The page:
Just posted the following review on TR. Reproduced here for your edification.
McClelland’s Rose of Latakia
Is a rose by any other name really just as sweet? In the case of this enigmatic blend from McClelland, the Bard may have well found reason to pause. Described on the tin with the alluring statement: “Only the most precious, most flavorful Syrian leaves are called Rose of Latakia. This fine blend is complex, fragrant, incredible”, Rose of Latakia is actually an undistinguished Virginia-Oriental blend containing at most a pinch of the much beloved leaf.
Comprised of a mix of mostly dark chocolate and light black short ribbon with flecks of tan and chestnut, the tin nose is classic McClelland: tangy and a bit pungent with a deep and somewhat tickling acetic acid spice. Undertones of fresh turned earth and an ever-so-slight campfire smokiness are present as well.
In the bowl, Rose of Latakia presents a mix of sweet, stoved and matured Virginias perched atop a measured dose of tangy orientals of a rather familiar sort. The Syrian Latakia hides somewhere therein, masked to the point of virtual invisibility save for the fleeting moment or two when it emerges as a minor, and in the end altogether unremarkable, player in a cast costumed more by its promised script than by its actual performance. On the light side of medium bodied, the blend tends towards the sweet and tangy, with occasional notes of toasted sourdough bread, orange zest, and Oolong tea. Smoked blind, it would not be an overstatement to say that only the most cultivated of palates could identify the presence of Syrian Latakia which, if it is indeed an example of the leaf at its “most precious, most flavorful”, must be either too subtle or too expensive to add any measurable effect to a Virginia-Oriental blend such as this. The short finish is sweet and slightly salty.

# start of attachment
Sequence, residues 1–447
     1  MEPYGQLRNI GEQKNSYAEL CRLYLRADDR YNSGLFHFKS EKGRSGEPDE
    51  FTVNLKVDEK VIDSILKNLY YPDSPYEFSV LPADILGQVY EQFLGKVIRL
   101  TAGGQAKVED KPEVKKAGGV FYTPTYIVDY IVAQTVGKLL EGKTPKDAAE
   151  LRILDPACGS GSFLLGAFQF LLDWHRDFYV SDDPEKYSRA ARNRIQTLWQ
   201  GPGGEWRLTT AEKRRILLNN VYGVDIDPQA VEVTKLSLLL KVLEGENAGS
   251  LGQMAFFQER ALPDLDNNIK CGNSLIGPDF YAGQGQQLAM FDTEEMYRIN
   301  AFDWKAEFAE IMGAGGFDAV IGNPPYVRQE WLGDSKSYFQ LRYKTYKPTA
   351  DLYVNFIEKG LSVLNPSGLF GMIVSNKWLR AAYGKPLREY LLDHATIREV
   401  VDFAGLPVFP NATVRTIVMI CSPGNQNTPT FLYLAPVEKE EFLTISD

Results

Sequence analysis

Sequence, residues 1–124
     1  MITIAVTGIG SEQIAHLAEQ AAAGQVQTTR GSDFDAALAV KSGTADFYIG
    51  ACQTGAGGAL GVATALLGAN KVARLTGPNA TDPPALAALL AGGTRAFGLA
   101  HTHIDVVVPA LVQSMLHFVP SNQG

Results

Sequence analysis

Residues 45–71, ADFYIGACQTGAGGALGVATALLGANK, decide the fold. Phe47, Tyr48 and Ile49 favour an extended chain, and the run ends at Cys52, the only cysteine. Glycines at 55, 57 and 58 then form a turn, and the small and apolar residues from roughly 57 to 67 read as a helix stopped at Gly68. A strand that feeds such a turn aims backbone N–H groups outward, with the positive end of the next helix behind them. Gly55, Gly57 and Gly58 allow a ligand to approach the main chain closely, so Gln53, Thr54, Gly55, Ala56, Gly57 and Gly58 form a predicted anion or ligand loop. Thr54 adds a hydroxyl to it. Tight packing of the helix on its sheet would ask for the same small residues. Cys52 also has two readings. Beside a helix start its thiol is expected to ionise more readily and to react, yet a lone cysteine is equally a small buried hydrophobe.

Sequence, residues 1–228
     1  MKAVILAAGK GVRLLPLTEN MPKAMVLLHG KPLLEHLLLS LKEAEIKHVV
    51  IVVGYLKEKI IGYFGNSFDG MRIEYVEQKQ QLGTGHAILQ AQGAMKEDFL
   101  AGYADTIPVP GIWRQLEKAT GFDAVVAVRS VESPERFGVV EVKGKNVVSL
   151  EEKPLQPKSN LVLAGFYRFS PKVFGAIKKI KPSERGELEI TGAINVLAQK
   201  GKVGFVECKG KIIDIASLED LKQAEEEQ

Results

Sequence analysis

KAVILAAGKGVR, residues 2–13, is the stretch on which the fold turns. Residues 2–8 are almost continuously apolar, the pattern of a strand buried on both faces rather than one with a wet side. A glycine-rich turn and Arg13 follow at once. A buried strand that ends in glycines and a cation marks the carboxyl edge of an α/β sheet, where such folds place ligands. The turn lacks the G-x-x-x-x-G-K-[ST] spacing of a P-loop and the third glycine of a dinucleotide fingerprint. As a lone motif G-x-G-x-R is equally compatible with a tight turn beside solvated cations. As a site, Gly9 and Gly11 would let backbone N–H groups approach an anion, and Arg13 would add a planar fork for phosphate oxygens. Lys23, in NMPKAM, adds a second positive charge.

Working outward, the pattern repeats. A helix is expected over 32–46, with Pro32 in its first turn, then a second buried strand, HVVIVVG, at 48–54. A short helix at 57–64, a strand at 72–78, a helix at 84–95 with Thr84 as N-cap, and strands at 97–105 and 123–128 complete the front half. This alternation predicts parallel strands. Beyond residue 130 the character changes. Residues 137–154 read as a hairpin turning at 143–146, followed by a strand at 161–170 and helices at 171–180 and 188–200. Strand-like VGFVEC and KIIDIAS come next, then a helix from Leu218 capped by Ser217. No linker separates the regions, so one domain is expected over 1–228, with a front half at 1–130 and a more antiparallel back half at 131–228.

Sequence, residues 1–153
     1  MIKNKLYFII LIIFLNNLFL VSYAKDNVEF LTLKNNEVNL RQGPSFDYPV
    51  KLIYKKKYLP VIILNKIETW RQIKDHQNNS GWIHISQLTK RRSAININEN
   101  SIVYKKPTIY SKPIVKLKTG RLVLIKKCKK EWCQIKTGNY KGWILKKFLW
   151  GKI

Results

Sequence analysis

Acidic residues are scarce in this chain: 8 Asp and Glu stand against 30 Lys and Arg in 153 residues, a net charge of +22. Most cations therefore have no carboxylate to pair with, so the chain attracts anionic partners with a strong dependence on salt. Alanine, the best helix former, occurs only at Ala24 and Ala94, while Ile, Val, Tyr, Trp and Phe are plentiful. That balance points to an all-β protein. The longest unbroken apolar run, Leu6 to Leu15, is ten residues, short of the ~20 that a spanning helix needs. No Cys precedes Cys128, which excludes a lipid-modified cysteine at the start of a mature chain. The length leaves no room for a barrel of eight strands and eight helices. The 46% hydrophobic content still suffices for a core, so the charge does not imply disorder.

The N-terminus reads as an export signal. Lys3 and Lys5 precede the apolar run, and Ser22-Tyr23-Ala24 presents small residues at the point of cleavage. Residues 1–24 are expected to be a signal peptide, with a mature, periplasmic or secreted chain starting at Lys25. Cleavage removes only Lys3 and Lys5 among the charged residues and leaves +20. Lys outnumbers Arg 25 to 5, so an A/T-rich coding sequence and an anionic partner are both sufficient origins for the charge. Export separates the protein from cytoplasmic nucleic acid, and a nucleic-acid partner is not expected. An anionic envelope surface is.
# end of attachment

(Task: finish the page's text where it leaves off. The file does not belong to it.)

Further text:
As far as Virginia-Oriental mixtures go, Rose of Latakia is not half bad and this reviewer was more than happy to finish off the tin (dated 2005) on which this review is based. At the same time however, it is scarcely deserving of having the word ‘Latakia’ in its name, for as Juliet famously opined: “retain that dear perfection which he owes without that title ... doff thy name, and for that name which is no part of thee”. For shame, for shame – we are certainly more reasonable than that!